Structural study of phenylperimidines with potential applications as corrosion inhibitors

Presented During:

08/03/2020: 4:00 PM  - 5:00 PM 
Virtual  

Conference:

2020: 70th ACA Annual Meeting

Session Type:

Poster 

Presenting Author :

Elizabeth Olave Negrete  
N/A

Additional Author(s):

Maria Isidora Espinoza  
Pontificia Universidad Católica de Valparaíso
Vania Artigas  
Pontificia Universidad Católica de Valparaíso
Rodrigo Sánchez  
Pontificia Universidad Católica de Valparaíso
Rosa Vera  
Pontificia Universidad Católica de Valparaíso
Mauricio Fuentealba  
Pontificia Universidad Católica de Valparaíso
Juliet Aristizabal  
Universidad Técnica Federico Santa María

Abstract Body:

Worldwide the protection against the corrosion is mainly based on the use of corrosion inhibitors; they exist in a variety of organic and inorganic compounds added on the metal surface. An inhibitor must possess structural features, such as having a planar geometry, π-conjugated system, bearing functional groups and heteroatoms with unshared electron pairs. With these characteristics, corrosion inhibitors will generate a barrier against corrosion through physisorption and chemisorption processes.
In this work, we carried out the syntheses and characterization, using vibrational spectroscopy, of phenylperimidines compounds synthesized from 1,8-diaminonaphtalene and 2-hydroxybenzaldehyde. The condensation reaction is carried out by refluxing the reactants in toluene obtaining the 2-(1H-perimidin-2-yl) phenol (a) compound and, in toluene/methanol 2: 1 mixture, the 2-(2,3-Dihydro -1H-perimidin-2-yl) -phenol (b) is formed (Fig. 1). The crystal structures of both compounds (a) and (b) has been determined by X-ray single-crystal diffraction. From the molecular and crystalline structures, it is observed that the structure of (a) only crystallizes with one molecule in the asymmetric unit forming an intramolecular hydrogen bond O1-H1···N1 granting planarity to the system. On the other hand, the compound (b) crystallizes with two formula units in the asymmetric unit. In this case, an intramolecular hydrogen bond is formed between the O1-H1···N1 and the O1A-H1A···N2A atoms.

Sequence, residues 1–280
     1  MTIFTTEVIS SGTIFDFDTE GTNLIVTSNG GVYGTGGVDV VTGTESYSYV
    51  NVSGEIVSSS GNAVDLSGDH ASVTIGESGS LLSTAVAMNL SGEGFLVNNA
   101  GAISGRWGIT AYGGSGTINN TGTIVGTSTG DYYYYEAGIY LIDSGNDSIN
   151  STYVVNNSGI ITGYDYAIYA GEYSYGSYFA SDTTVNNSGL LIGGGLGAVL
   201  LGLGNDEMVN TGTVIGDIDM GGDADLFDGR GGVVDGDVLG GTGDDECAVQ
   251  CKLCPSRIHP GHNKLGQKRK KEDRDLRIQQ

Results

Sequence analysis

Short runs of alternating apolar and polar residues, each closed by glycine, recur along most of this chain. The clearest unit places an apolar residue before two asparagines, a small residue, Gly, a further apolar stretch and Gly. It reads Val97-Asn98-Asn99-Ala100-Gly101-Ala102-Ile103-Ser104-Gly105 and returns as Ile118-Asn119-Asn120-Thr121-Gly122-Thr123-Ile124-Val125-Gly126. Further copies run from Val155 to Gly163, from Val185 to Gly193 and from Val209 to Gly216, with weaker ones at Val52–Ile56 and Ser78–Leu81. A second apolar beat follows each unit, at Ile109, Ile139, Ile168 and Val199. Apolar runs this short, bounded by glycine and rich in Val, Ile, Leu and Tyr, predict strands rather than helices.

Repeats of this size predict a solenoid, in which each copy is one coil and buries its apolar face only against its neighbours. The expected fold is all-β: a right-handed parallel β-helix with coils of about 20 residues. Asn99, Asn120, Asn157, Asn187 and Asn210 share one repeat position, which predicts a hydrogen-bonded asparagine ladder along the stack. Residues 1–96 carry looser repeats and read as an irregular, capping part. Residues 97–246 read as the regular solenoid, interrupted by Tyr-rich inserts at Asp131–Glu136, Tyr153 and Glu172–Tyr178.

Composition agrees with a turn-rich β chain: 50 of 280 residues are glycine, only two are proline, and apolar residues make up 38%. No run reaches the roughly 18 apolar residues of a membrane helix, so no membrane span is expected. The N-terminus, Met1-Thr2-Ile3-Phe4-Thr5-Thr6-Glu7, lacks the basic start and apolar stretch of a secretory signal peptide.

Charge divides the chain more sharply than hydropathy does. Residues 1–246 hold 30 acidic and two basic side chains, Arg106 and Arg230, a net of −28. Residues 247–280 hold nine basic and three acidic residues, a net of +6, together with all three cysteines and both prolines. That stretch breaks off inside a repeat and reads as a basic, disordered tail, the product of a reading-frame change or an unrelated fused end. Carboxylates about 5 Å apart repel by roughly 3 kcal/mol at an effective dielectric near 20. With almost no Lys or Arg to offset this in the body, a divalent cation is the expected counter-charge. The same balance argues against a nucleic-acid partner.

Both compounds are postulated as potential corrosion inhibitors, since the crystalline and molecular structures of (a) and (b) present intra- and intermolecular hydrogen bonds, have functional groups bearing heteroatoms and contain a π-conjugated system in (a) that yields to a flat geometry with high electronic communication unlike (b) that loses planarity over C11 with sp3 hybridization. The cyclic voltamperometry measurement of (a) is reported (Fig. 2). The oxidation process is observed with a potential peak defined in +0.328V and the reduction processes with two waves at + 0.106V and –0.346V. Also, there are no drastic changes in the different cycles of voltammetry, indicating the structural stability of the compounds. Therefore, these compounds could be used as a corrosion inhibitor by the conjugation of aromatic rings capable of interacting with the metal surface in a specific medium and metal or alloy for study and simulation.
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Additional Information - Poster

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Journal of Chemical Crystallography